1 Predation (Chapter 15) Predator-prey cycles Physical Characteristics AdaptationsFunctional vs. numeric responsesModels of predation
2 What is Predation?– one species feeds on another enhances fitness of predator but reduces fitness of prey(+/– interaction)
3 Two big themes: Predators can limit prey populations. *This keeps populations below K.
4 Predator and prey populations increase and decrease in regular cycles.
5 A verbal model of predator-prey cycles: Predators eat prey and reduce their numbersPredators go hungry and decline in numberWith fewer predators, prey survive better and increaseIncreasing prey populations allow predators to increaseAnd repeat…
6 Why don’t predators increase at the same time as the prey?
7 Factors promoting stability in predator-prey relationships Inefficient predators (prey escaping)less efficient predators allow more prey to survivemore living prey support more predatorsOutside factors limit populationshigher death rate (d) for predatorslower growth rate (r) for prey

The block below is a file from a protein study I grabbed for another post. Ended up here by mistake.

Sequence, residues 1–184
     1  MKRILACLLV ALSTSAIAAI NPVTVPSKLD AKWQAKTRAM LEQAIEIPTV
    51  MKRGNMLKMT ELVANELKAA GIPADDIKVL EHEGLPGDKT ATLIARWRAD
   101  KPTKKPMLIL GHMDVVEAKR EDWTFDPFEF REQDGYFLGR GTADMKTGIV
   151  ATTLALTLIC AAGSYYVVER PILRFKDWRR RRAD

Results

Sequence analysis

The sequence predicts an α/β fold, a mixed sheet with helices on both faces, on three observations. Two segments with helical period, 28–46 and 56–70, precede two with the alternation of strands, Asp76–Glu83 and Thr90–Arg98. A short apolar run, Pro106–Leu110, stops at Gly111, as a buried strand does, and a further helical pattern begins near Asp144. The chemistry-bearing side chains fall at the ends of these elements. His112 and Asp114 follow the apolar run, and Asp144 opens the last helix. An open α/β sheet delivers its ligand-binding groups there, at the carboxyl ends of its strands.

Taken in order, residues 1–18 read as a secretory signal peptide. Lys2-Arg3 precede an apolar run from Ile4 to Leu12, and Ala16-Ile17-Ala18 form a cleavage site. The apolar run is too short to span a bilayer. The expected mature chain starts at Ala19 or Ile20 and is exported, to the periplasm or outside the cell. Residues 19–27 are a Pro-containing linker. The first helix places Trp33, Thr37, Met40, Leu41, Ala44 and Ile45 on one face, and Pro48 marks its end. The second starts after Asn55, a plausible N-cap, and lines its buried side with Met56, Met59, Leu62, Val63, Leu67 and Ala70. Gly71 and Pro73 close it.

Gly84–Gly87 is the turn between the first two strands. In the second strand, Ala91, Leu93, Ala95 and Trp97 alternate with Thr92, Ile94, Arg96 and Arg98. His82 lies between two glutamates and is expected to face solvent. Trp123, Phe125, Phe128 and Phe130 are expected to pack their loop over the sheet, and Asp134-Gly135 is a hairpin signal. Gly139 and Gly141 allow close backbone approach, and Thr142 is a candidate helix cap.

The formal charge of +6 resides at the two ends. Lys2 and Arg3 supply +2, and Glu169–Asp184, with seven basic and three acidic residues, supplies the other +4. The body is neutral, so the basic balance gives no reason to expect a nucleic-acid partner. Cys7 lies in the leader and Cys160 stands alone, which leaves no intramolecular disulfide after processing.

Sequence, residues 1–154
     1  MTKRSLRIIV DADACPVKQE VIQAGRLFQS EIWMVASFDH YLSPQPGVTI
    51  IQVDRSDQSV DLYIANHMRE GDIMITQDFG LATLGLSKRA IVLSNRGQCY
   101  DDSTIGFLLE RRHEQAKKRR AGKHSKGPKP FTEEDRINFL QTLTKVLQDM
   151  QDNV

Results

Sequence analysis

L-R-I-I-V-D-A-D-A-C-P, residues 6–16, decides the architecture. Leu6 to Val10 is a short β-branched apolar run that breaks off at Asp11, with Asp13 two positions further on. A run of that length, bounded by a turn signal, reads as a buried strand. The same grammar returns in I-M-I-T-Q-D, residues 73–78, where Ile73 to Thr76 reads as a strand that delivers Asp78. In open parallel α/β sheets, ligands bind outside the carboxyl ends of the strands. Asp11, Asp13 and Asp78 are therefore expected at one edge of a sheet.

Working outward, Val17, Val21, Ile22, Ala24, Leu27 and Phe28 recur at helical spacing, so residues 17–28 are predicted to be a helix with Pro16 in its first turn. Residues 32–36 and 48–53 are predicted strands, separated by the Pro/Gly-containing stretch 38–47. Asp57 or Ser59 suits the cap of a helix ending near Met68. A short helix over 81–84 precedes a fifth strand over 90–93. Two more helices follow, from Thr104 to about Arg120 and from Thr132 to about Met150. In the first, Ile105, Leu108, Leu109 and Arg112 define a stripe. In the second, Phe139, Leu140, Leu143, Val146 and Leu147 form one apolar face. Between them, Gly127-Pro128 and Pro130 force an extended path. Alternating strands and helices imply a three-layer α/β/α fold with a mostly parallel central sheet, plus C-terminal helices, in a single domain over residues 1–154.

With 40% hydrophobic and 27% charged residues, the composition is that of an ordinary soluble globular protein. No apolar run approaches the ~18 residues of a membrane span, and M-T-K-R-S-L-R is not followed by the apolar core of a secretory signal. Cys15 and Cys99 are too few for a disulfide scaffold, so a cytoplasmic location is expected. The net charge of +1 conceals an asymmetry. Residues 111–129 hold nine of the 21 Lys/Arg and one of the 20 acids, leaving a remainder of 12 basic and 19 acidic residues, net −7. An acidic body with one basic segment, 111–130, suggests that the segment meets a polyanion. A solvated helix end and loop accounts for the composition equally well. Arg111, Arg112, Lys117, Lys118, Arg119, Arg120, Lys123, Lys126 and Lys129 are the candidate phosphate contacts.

8 Alternative food sources for the predator less pressure on prey populationsRefuges from predation at low prey densitiesprevents prey populations from falling too lowRapid numeric response of predators to changes in prey population
9 Huffaker’s Experiment on Predator-Prey Coexistence 2 mite species (1 predator and 1 prey)Initial experiments – predators drove prey extinct then went extinct themselvesAdding barriers to dispersal allowed predators and prey to coexist.
10 Refuges from predation allow predator and prey to coexist.
11 Predator-prey cycles can be unstable efficient predators can drive prey to extinctionif the population moves away from the equilibrium, there is no force pulling the populations back to equilibriumeventually random oscillations will drive one or both species to extinction
13 Characteristics of Predators Eye Position: Predators’ eyes face forward to give them a clear view of their prey
14 Predators’ Eye Position Predators’ eyes face forward so they can see the animals they are chasing. This allows them to focus their vision on just the prey. They have great depth perception, so they can see how close or far away the prey is.Predators have their best vision in their binocular area because they are seeing the prey with both eyes. They don’t see the prey as well in their monocular areas because they can only see with the eye on that particular side.